Why use Cisco ISE Policy Sets in your deployments?

Cisco ISE has a feature called Policy Sets, the purpose of policy sets is to give you the ability to logically group authentication and authorization policies within the same logical entity. So for example you could have separate authentication and authorization policies for wired/wireless/vpn or another use case for your business. By default Policy Sets is not enabled on a vanilla Cisco ISE deployment and the Policy Set is defined as default on a vanilla installation (more on this later).

Not only does using Policy Sets make it easier to logically group different business user cases into their own individual policies it actually makes reading the operational logs for troubleshooting much easier.

So in the remainder of this post I will go through and examine what the default policy set gives you and how to enable policy sets and leverage those on your ISE deployment.

Default Policy Set View

In a vanilla installation of ISE you do not have Policy Sets enabled, therefore you will get a view like the one below. What this view gives you is the default policy set view, you define all your different use cases in the authentication and authorization tabs.

Policy, Default Policy

A typical Authentication Policy would look something like:

Typical Authentication Policy

As you can see in the policy set above we have no logical separation of the wired and wireless policies, they are grouped together. We could create separate policies here, but there isn’t much value if you are going to use the same Identity Store Sequence. The authorization policies would live under the authorization tab, I won’t cover them here as they can take any shape and form depending on your requirements.

So from a logging perspective, if an authentication policy matches it will display Default >> MAB or Default >> Dot1X. Which isn’t too informative, how do we know if that the policy matched was for Wired or Wireless for example?

Enabling Policy Sets

To enable Policy Sets it’s relatively simple, to enable within ISE navigate to Administration > System > Deployment > Settings > Policy Sets  and select Enabled.

ISE..Enable Policy Sets

After enabling, you are prompted to re-login. Once you have logged back in you will be presented with a new view, like the one below:

ISE..Policy Set View

The Authentication and Authorization Tabs have now been collapsed into the single Policy Set Tab. By default all of the Authentication and Authorization Policies you had defined prior are put into the Default Policy Set view, so you don’t lose what you have already. As always if you are making change to a production ISE environment, it’s recommended to only make changes in a maintenance window with a valid backup too.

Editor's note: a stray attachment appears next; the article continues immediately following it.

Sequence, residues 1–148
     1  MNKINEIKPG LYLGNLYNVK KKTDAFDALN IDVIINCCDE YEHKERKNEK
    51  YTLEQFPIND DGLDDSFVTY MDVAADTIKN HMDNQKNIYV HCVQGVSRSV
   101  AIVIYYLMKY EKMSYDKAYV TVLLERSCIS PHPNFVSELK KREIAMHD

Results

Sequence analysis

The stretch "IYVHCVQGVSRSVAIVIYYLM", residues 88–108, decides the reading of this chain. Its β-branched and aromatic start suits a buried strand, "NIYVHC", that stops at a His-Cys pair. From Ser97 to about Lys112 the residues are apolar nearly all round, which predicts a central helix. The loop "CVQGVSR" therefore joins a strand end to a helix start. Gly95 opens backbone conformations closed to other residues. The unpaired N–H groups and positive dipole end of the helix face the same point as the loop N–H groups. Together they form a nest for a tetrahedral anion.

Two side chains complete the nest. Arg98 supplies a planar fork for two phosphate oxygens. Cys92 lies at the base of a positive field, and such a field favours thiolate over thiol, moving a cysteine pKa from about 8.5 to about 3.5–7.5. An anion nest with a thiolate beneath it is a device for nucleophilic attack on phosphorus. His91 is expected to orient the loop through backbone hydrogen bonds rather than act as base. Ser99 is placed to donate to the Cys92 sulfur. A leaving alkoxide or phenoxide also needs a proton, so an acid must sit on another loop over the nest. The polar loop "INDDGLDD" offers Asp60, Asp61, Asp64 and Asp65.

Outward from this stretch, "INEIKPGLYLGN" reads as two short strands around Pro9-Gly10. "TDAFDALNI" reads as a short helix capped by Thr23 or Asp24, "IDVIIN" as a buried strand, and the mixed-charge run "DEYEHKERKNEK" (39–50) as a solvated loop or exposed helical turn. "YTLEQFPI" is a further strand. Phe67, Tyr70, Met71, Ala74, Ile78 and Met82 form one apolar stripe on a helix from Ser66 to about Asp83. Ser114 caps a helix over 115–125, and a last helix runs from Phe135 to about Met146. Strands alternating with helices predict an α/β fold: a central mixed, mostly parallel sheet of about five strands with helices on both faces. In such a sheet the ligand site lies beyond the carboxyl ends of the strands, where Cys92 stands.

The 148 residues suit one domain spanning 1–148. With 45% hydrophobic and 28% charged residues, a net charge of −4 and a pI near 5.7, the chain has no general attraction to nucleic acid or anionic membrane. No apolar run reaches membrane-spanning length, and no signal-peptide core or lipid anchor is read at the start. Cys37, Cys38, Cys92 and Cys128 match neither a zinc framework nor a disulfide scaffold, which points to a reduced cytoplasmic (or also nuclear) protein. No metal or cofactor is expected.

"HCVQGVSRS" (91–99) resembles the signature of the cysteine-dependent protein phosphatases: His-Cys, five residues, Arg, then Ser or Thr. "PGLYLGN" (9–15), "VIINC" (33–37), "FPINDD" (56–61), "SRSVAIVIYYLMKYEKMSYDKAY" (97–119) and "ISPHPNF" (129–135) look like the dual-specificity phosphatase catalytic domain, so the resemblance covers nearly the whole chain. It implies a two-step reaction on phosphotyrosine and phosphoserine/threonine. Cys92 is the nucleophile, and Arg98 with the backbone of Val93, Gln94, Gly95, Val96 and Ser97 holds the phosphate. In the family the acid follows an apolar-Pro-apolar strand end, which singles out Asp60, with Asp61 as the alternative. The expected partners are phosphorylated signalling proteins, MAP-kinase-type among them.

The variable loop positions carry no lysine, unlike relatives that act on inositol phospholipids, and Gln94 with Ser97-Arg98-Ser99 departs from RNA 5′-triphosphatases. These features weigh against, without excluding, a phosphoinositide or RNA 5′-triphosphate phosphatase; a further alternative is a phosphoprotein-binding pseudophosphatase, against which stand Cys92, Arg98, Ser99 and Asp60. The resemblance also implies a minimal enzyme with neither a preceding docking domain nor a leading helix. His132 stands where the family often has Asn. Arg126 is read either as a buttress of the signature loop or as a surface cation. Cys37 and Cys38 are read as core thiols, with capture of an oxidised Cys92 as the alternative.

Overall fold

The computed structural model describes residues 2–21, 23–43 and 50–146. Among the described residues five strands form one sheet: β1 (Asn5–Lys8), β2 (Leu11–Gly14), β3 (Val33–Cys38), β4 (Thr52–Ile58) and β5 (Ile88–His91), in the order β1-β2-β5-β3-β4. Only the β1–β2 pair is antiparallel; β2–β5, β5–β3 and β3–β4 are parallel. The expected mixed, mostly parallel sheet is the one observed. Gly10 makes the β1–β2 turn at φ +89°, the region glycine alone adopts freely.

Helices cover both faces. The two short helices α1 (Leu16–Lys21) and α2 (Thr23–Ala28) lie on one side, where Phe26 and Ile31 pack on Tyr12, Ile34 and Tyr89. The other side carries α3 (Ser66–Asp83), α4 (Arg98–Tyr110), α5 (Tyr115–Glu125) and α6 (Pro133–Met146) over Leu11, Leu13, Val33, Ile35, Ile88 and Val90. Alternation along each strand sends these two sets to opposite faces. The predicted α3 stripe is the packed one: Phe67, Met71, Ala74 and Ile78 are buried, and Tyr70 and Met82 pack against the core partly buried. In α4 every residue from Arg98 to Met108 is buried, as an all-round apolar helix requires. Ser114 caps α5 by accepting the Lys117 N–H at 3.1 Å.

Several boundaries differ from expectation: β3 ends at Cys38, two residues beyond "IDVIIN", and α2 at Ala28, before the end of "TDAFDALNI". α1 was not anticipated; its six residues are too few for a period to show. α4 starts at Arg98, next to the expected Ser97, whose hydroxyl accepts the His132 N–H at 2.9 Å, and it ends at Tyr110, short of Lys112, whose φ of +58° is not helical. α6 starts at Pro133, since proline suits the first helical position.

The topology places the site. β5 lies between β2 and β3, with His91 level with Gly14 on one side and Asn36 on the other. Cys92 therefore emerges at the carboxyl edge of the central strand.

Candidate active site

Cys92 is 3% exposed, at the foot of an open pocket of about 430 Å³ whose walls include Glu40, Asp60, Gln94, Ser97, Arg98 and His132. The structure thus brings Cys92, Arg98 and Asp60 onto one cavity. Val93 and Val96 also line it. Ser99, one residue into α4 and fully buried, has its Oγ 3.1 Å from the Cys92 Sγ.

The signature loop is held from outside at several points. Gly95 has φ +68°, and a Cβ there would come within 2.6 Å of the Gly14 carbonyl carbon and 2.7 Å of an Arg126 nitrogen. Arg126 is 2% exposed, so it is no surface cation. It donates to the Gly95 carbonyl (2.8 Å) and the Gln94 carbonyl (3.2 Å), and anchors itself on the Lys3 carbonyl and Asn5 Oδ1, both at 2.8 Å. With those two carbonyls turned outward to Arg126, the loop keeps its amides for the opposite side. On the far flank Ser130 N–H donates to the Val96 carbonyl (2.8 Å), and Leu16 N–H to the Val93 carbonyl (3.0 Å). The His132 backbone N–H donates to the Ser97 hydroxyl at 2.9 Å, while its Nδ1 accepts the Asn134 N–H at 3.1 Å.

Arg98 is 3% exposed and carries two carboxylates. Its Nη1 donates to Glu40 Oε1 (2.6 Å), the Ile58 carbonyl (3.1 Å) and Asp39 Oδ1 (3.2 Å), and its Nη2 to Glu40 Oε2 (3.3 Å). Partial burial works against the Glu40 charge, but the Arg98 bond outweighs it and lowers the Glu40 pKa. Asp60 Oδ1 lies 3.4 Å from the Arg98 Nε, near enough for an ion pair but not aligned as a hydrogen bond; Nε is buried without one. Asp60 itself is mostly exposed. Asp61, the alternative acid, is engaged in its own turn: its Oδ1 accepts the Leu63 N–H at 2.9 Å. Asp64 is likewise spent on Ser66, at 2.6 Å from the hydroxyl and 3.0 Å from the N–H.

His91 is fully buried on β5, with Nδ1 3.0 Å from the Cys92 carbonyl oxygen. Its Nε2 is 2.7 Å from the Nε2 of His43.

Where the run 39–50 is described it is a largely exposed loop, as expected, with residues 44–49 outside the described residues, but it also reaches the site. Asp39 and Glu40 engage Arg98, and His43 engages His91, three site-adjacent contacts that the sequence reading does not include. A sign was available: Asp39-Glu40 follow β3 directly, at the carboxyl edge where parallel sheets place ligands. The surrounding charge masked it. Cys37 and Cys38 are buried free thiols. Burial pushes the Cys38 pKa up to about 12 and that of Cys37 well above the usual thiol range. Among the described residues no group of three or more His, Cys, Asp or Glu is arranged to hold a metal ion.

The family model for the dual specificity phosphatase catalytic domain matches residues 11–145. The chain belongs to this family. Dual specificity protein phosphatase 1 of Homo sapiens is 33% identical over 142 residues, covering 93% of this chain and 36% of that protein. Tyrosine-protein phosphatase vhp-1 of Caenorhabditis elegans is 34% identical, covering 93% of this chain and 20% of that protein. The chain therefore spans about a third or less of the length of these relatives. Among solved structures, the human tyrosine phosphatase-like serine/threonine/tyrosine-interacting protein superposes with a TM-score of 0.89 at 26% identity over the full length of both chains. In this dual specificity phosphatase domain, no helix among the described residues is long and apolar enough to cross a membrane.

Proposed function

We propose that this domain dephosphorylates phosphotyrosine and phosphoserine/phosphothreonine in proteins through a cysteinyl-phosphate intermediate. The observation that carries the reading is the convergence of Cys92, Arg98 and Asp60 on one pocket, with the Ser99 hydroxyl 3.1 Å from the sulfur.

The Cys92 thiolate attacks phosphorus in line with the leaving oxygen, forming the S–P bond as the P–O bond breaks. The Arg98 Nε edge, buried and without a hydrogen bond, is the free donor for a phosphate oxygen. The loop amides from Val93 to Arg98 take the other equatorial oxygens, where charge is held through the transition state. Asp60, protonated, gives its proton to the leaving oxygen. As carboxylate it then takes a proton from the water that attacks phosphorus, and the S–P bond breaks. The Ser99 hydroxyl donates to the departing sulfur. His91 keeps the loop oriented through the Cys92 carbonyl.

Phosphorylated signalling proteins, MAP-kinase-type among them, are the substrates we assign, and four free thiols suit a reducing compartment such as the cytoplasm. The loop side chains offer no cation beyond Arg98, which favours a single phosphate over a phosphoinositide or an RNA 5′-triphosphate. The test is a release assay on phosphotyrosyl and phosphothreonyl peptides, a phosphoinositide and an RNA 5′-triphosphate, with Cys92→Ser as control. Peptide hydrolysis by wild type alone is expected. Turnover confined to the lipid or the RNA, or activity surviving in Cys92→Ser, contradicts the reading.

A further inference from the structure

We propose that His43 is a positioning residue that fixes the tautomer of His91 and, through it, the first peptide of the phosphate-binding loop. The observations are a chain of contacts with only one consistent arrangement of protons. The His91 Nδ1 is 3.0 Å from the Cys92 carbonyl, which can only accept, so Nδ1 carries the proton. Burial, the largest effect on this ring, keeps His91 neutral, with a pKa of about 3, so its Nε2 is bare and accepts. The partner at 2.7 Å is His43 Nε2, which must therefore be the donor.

The view you will receive with all of your policies after enabling Policy Sets will look similar to below:

ISE..Default Policy Sets

To create your own Policy Sets, just click the PLUS symbol in the left hand corner. When you create a new Policy Set, you need to set a condition to match. So for example if I wanted to create a Policy Set for Wireless I would create a condition to match only wireless connections, once that match occurs the authentication and authorization policies within that Policy Set would take affect and no other.

Now let’s take Policy Sets one step further, if we were to look at our operational logs, we can now easily distinguish which connection matches which Policy Set and therefore easily identify what’s happening. The snippet below explains how this all links up:

ISE..Policy Set Log View

As you can see, Policy Sets make a lot of sense, they make the configuration a lot easier on the eye and troubleshooting much simpler. The only thing to watch out for is, once you enable Policy Sets and create custom Policy Sets other than the default, disabling Policy Sets will actually delete those custom Policy Sets and all associated Authentication and Authorization Policies.

Other caveats include:

  • Policies rules cannot be shared amongst different Policy Sets, however conditions can be shared…So use conditions to simplify your configuration
  • Duplication of rules only allowed if they are from the same rule type and within only one policy set

4 thoughts on “Why use Cisco ISE Policy Sets in your deployments?”

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